Move Over Carrot Cake, I’m Coming For You! MB Recipe 34

Last week I finally treated myself to cake. Yes, cake! I have been avoiding the Cakes chapter of the Magnolia Bakery cookbook for a couple months. But I finally decided to make the cake that most intrigued me: the Hummingbird Cake.

This cake is similar to carrot cake in final texture. But, it is made with bananas, crushed pineapple, and nuts. This combination, though unusual, proves to be very tasty. And I think it’s actually become my favorite cake!

Go to the recipe!

Making It

One of the downsides to making this cake is all the dishes I used during the process. A bowl for the mashed bananas, a bowl for the dry ingredients, a frying pan to toast the pecans, a strainer for the crushed pineapple, another bowl for the crush pineapple, etc. It was a lot and this doesn’t include the the measuring utensils!

This cake recipe starts with mashing 6 (yes, 6!!) overripe bananas. Then you mix your dry ingredients. I placed the wet ingredients in the bowl for my stand mixer. What’s interesting about this cake is it’s an oil cake. There’s no butter in the cake recipe! Per the directions, I decided to mix the flour in by hand. It wasn’t hard but it did take longer than I though it would. Soon it was time to add the nuts and pour the batter into the prepared pans.

Baking It

After some previous cake baking disasters, I now own a set of higher-wall cake pans. But I still decided to bake then on cookie sheets just in case there was another overflow. Luckily (and thankfully!) there wasn’t!

While the cake was baking there was a wonderful aroma emitting from the oven. The scent of bananas and warm nuts filled the air. I think the cake layers baked for the exact middle amount of time provided for in the recipe, which seems to be pretty standard for my oven. Upon cutting into it and tasting it, I pulled it from the oven at exactly the right time.

I let the cake layers cool in their pans for an hour. It gave me more than enough time to do all those dishes I used while making it. I also took out the butter and cream cheese that I would need to make the frosting.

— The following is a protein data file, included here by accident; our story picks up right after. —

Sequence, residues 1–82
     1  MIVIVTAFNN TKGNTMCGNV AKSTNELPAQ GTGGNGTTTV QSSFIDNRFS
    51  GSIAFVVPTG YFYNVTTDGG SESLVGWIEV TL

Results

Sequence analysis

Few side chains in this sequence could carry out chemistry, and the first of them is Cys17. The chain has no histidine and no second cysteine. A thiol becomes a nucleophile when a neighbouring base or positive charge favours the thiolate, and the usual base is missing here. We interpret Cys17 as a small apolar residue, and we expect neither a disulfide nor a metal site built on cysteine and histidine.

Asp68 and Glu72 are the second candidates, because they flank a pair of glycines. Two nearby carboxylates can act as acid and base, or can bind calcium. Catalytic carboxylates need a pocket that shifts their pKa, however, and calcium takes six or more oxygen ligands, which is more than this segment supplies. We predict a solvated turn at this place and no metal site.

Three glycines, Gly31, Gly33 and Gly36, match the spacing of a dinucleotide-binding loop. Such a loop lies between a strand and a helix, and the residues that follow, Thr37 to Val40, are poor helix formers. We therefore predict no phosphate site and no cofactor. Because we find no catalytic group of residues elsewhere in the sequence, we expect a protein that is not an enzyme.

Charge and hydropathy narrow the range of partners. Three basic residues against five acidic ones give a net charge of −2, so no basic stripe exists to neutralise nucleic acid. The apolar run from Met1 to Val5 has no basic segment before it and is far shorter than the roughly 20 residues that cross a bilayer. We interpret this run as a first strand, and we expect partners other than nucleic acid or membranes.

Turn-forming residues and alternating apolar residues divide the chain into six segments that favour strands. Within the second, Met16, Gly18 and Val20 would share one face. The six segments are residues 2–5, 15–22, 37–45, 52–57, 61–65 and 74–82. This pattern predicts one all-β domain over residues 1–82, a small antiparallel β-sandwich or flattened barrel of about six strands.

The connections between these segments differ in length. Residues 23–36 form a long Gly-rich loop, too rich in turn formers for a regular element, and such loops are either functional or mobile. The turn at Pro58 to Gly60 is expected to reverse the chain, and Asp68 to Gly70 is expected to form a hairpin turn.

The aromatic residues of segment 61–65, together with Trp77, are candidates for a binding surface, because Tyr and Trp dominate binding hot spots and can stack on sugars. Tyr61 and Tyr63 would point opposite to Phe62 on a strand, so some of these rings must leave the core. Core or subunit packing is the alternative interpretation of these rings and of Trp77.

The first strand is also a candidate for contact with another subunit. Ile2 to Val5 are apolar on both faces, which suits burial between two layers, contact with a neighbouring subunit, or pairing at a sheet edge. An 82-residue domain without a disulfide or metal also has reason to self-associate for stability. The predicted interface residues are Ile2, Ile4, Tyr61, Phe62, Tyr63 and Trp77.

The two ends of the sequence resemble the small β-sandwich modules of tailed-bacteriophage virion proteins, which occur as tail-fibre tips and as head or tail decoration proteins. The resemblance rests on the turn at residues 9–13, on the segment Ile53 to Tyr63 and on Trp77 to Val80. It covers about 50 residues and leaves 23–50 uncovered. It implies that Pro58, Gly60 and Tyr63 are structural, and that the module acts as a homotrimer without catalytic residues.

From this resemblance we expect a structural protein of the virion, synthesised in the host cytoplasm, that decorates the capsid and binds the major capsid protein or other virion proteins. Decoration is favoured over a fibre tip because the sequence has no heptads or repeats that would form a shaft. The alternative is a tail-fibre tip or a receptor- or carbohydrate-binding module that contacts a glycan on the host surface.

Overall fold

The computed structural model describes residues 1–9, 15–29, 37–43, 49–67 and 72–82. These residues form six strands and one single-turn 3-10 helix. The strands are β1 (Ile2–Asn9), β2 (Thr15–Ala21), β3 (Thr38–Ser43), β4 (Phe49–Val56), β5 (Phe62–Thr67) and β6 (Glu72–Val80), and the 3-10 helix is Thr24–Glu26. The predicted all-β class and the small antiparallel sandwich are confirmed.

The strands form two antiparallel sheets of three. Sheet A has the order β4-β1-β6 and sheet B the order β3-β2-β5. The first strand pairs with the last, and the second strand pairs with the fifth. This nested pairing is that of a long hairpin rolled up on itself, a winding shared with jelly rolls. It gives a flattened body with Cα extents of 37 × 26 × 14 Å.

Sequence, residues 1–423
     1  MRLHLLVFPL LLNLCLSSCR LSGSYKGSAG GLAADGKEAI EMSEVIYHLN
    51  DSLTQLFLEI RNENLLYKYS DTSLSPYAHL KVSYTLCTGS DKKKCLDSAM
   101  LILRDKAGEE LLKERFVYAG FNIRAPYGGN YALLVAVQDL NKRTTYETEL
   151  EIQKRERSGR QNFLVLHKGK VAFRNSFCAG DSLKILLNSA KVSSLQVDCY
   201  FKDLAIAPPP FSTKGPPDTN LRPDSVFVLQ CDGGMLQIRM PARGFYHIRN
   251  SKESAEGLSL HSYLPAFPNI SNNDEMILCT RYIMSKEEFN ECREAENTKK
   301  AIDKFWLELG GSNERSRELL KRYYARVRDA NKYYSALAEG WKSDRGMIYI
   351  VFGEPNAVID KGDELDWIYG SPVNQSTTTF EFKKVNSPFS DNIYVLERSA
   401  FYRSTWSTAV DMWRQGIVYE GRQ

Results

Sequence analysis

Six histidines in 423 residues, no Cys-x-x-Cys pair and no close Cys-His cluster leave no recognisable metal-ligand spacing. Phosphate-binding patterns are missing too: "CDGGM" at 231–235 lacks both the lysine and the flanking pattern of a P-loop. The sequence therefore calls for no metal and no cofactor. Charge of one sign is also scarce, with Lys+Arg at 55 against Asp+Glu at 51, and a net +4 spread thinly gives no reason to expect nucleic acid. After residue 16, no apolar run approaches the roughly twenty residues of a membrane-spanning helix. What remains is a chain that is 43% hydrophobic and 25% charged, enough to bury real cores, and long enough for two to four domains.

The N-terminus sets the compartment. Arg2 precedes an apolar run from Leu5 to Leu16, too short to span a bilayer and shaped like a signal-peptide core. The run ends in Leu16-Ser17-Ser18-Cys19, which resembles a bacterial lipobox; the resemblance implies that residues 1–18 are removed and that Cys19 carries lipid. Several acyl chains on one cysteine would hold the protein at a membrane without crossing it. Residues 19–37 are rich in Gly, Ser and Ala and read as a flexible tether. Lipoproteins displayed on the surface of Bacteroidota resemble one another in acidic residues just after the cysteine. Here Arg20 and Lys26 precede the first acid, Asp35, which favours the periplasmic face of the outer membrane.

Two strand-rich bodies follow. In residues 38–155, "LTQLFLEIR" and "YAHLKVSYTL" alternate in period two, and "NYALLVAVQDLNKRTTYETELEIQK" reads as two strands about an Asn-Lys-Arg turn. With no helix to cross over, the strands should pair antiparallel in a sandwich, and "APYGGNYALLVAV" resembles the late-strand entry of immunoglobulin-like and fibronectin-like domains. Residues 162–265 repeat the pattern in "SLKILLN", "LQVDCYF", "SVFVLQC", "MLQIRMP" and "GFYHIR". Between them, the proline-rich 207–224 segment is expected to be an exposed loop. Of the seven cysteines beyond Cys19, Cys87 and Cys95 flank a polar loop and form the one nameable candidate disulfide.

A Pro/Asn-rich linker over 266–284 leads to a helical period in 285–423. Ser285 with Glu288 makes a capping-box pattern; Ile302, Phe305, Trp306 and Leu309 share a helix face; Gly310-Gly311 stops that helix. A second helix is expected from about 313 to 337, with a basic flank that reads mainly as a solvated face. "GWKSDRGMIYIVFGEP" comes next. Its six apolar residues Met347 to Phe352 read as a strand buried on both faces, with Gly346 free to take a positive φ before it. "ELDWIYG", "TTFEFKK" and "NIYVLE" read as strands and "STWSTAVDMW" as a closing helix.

Frosting It

This Hummingbird Cake uses a cream cheese frosting. However, there was some butter in the recipe, too. Six tablespoons of butter was used but there was 16 ounces of cream cheese. I ended up not using all of the frosting and I think I ended up frosting it pretty well. Adding the powered sugar was interesting, as no matter what I did, I couldn’t get it all to incorporate. This is something that never happened to me before.

Frosting the cake started out pretty simply. I didn’t level the layers because I didn’t think it was necessary. I would just fill in the slight the uneven-ness with frosting. It worked well. However, as I was frosting the cake, the frosting itself because warmer and started losing its shape. Eventually it became challenging to frost the cake nicely. Instead of fighting it too much or taking the time to chill the frosting and cake a bit, I opted to just leave the “rustic look.”

Tasting It

Finally, it was time to taste the cake! This cake is dense, but it isn’t dry. There is so much moisture in the cake thanks to the oil and the bananas. The flavors play extremely well together and is definitely the spring/summer cousin to the carrot cake. While I do appreciate a carrot cake every now and then, I do think that Hummingbird Cake is superior. I was hesitant to include nuts in the batter (they are optional) but upon tasting it, I was glad I did. It added the texture that is needed to break up the density of the cake layers.

Though this cream cheese frosting wasn’t my favorite. I didn’t find it overly sweet, but I just found it somewhat bland. Still, subpar frosting aside, this cake is definitely a win-win for me. And it’s become one of my favorites now.

Since this is a cookbook cook-through blog, I do not normally post the recipes I make. I usually refer people to the cookbook or website where I found the recipe. I’ve decided to make an exception this time, however.

The recipe can be found in this post.


19 thoughts on “Move Over Carrot Cake, I’m Coming For You! MB Recipe 34

    1. Hi there! Thanks for reading. You can substitute a white (vanilla) regular buttercream frosting. I would use an American buttercream with just butter and powered sugar for ease. Hope this helps!


  1. Just let me say I actually started not to read the article. However went back to it and was please that I did. It was like I was in the kitchen making decisions making the cake. I used to bake well. As I ‘ve aged standing is a problem. I became aware of this cake several years ago. Love the ingredients and will eventually make it. Thanks for sharing.


  2. You need to put spices in hummingbird cake. I make it constantly and I sometimes add coconut. I also use the pineapple juice. I add vanilla flavor along with spices


  3. The best recipe for this cake is found in Southern Living. It is rated as one of their top recipes. I have made it several times and it is always a knockout dessert!


  4. When this cake first came out in the 1970’s a lady named Laura baked it. We didn’t know the name of the cake, so it was “Laura’s Cake”. I served it at my after rehearsal get together in 1976. Laura’s recipe called for cinnamon in the cream cheese icing. Delicious!


  5. I would suggest adding some lemon zest or lemon extract to the cream cheese icing. That little bit of tang makes all the difference!


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